Here we go . . .
Race Day Synopsis
After a long day at work and evening, I arrived a couple of minutes before the race started. It was a good crowd of 61 runners who were ready to give this run a try. After some brief comments by the race director, the race started along the pavement for a few minutes until we hit the climb up Grandeur Peak. It was around this time that I realized that although I had my camera, I had forgotten my battery at home (rats!). I wasn't planning on taking too many pictures in the evening, but I knew I would probably get a few nice shots of the canyon from the top in the morning.
I found myself where I wanted . . . near the back of the pack. The climb was long and tiring, and you could easily see the lead runners make quick time of the mountain. I didn't need my headlamp until near the top of the peak, and then once there, I felt great (well, good that the climb was over) as I dropped down the next three miles until the intersection of Grandeur Peak and the Pipeline trail (40.42.103, 111.44.585). I briefly ran and talked with Cameron Kasteler, who mentioned seeing my video of Squaw Peak 2011.
The next few miles were uneventful until Elbow Fork. I ran alone most of the way, and there were a number of switchbacks that slowed my pace a little.
I arrived at the aid station at Elbow Fork in 2:52 (just before midnight), grabbed a few items, and then took off. The first mile of this next session towards the Terraces Picnic Area climbs slowly, and I just didn't have a lot of energy to do anything more than walk. Once I reach the top of this segment, I ran most of the way down to the start of the Bowman Trail at 40.41.844, 111.42.957. At one point, I slightly twisted my ankle, but having done this before, I knew that I could shake off the discomfort, which generally only lasts a few minutes.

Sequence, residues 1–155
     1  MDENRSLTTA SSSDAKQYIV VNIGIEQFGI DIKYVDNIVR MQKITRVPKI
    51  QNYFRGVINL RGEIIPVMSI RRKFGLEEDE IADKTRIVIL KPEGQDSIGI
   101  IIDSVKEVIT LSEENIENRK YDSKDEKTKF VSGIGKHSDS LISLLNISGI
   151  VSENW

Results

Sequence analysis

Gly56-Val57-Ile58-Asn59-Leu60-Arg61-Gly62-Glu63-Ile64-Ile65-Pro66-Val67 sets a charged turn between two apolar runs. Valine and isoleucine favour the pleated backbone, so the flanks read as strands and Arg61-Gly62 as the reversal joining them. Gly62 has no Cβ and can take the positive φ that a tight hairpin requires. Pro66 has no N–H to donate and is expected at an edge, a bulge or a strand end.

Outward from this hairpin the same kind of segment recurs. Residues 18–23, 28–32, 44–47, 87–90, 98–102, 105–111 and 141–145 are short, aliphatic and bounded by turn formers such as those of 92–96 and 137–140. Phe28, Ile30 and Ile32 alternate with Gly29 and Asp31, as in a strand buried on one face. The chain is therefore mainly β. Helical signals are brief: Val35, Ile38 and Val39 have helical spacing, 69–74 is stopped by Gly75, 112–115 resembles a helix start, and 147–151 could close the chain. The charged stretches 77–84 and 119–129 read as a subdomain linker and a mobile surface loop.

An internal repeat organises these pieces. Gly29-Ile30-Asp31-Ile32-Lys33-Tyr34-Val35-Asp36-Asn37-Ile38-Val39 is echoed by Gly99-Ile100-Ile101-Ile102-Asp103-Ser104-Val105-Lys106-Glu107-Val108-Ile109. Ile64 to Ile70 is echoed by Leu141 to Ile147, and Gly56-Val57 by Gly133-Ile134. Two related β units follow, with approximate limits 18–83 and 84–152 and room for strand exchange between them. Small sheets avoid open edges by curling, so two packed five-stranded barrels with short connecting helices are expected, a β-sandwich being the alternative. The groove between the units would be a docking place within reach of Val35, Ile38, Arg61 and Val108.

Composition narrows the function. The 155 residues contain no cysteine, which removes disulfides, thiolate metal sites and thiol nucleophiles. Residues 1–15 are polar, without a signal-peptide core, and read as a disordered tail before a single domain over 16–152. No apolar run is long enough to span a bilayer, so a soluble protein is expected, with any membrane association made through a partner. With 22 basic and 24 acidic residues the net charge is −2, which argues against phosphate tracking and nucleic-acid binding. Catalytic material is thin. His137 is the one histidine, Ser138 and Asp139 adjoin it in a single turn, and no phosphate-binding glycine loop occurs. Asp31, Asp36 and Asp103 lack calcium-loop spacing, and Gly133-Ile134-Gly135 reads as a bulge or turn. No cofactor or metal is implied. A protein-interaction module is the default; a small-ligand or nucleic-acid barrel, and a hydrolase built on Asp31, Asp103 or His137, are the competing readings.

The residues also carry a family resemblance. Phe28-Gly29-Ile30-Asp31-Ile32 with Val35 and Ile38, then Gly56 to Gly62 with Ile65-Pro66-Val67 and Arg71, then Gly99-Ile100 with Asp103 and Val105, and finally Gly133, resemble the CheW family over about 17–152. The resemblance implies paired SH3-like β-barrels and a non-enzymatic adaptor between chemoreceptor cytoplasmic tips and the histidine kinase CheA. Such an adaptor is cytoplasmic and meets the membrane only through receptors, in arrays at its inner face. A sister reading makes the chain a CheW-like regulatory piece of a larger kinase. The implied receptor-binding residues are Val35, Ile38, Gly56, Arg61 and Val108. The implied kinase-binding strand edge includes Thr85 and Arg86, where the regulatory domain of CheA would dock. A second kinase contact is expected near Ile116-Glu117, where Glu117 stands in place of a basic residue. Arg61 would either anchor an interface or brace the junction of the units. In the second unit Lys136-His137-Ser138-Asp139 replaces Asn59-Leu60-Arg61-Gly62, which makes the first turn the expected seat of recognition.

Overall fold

The next miles to Baker Spring felt like a death march, one foot in front of the other, but I was glad I had done this route in the daytime the week before. I began to ask myself whether I really wanted to do the whole race or just bail at Dog Lake. My body felt pretty good . . . very tired . . . but still moving. My goal was to reach Backer Pass by 3:00 a.m. Except for seeing a hearing a few runners, the surroundings were completely quiet. It was nice to have the full moon out, a real psychological boost in the dark. Not far behind me, I could a very merry group of runners breaking the silence of night sky, which is one way to pass the hours on the trail. Once at the pass, I decided to lie on the ground for a few minutes to enjoy the peaceful evening and to rejuvenate a little, something I needed.